Thursday, June 30, 2016

Year 16, Week 24, Day One (week 858)

Year 16, Week 24, Day One (week 858)
(January 17, 2000 was my first carving day.)
06-25-16 Saturday

78 degrees at dawn, 94 in after noon. Towers over the ocean and to the north. A herd of small clouds raced over, then towers formed over the Everglades and headed west.  A nice light breeze helped with the humidity which was not really bad. This weather report is brought to you by the City Of Pompano Beach Department Of Tourism.

I go through periods where I don’t notice clouds at all, then other periods where I watch the clouds for shapes. There are times when the clouds have nothing to see. Most of the time, it takes a whole lot of attention to see a shape in a cloud. Once in a while, the shape is obvious to most people. I am in a period where I am looking at clouds and the clouds have interesting shapes in them.  A protrusion or a gap in the side of a cloud could be the start of a face in one’s imagination. This morning I saw a series of connected towers that were leaning in one direction and all had a feint resemblance of dog heads. 
One thing with clouds is they can change rapidly. The shape is usually made up of a couple clouds in line with you, small wisps moving, and there is a lot of turbulence where the cloud will boil up and then dissipate fast. While going home from work the other day, a cloud changed shapes into many forms in a short five minutes before it just became a blob. It was interesting just watching the process, let alone follow the change from a hippo yelling up, a old lady, a dog, a man facing the other way. Too bad I don’t take the time to lay in the grass and just watch the clouds. I guess I accidentally became an adult.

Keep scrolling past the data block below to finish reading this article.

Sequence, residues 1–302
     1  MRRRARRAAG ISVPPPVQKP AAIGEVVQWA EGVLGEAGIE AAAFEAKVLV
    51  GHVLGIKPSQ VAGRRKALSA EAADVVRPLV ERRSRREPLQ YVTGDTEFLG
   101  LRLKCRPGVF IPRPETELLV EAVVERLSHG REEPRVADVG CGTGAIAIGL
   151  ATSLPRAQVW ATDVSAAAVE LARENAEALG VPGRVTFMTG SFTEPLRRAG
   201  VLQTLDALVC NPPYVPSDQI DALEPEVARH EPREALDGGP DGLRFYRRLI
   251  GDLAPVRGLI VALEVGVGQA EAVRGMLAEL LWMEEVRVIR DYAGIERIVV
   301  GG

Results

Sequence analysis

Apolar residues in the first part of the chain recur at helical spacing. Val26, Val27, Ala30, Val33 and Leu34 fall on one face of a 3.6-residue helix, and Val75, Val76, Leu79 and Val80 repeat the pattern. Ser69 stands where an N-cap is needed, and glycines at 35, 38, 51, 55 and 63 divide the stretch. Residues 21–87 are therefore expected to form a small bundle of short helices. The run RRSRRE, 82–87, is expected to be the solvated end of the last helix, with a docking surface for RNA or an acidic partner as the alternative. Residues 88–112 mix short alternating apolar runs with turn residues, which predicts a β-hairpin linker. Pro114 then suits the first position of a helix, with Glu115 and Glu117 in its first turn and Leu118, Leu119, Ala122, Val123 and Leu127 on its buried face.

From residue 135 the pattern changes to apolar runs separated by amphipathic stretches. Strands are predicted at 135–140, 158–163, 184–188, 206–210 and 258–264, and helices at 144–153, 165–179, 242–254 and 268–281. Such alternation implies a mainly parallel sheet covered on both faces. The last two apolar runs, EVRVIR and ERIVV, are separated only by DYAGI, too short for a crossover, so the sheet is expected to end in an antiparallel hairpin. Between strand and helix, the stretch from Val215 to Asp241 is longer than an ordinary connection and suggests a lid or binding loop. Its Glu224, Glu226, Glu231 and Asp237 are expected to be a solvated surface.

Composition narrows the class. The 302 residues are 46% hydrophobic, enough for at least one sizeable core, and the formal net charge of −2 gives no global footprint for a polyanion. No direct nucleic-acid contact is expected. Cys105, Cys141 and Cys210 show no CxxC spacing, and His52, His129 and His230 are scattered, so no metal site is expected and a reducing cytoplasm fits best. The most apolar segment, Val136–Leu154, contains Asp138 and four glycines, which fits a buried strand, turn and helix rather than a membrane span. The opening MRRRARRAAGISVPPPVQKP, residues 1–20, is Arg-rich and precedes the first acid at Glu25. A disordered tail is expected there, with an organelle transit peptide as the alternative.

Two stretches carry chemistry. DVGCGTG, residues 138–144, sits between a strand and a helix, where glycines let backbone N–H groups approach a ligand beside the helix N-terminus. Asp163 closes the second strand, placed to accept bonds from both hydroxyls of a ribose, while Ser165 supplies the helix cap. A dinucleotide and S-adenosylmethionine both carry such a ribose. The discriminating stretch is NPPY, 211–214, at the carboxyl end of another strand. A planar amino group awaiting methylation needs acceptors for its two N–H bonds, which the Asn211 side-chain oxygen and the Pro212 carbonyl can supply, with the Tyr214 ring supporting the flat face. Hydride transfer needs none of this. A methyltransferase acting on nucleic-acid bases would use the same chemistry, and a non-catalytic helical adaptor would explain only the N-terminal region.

The weather report said something about possible showers after two. That told me that it was going to be a very good day. After breakfast, we headed out yard sailing. With Mom driving, we hit 8 yard sales. Some weeks there appears to be a theme of what is being offered at the yard sales. Five of the 8 had a lot of kitchen stuff. 
At two yard sales, I found myself searching through cook books. I don’t need any more cook books. With one of the collection of books, I saw a Pasta cook book and was going to see what sauces they had, after I checked to see what other cook books they had, then found some joke books and forgot about the pasta book until we were a few blocks away. I got the joke books, figuring I might find a few good ones in them. The books turned out to be fairly lame. 
I was doing really good at spending almost nothing and getting almost nothing until we got to the last yard sale. A couple weeks ago, we visited a yard sale of an artist who is moving out of state. We found her yard sale again. I have no idea what happened or how. I left there with a three-drawer plastic bin of stamping pads and inks, and some water colors. I also had a mini chopper. I found myself walking on an angle the rest of the day because my wallet was a little lighter. Once my head cleared and I checked, my wallet was only slightly lighter, not as bad as I was afraid when I saw the stuff in the car. 

Off and on, I have wanted to get into stamping, but the ink pads were the biggest problems. I always only had black. Those are expensive. There was a period where the stamp section of craft stores were a real test between temptation over will-power. Will-power mostly won. 
I had watched several episodes of a stamping show and saw that sticking an image onto the paper was not all you did. They smeared and streaked with them,  multi colored the stamp, as just a few techniques they used. While I prefer paint, I can see myself doing stamping. There are times when waiting for paint to dry is not a viable option.

We got home and it took a bit to sort through and photograph my finds. The Cloud towers were building up. Radar showed them popping up in place, on the civilized side of the Everglades, and I had no idea which way they intended to go once they built. I relaxed until Lunch was ready. After lunch, about two, I decided that the weather was safe for me to work, so I pulled out the lathe.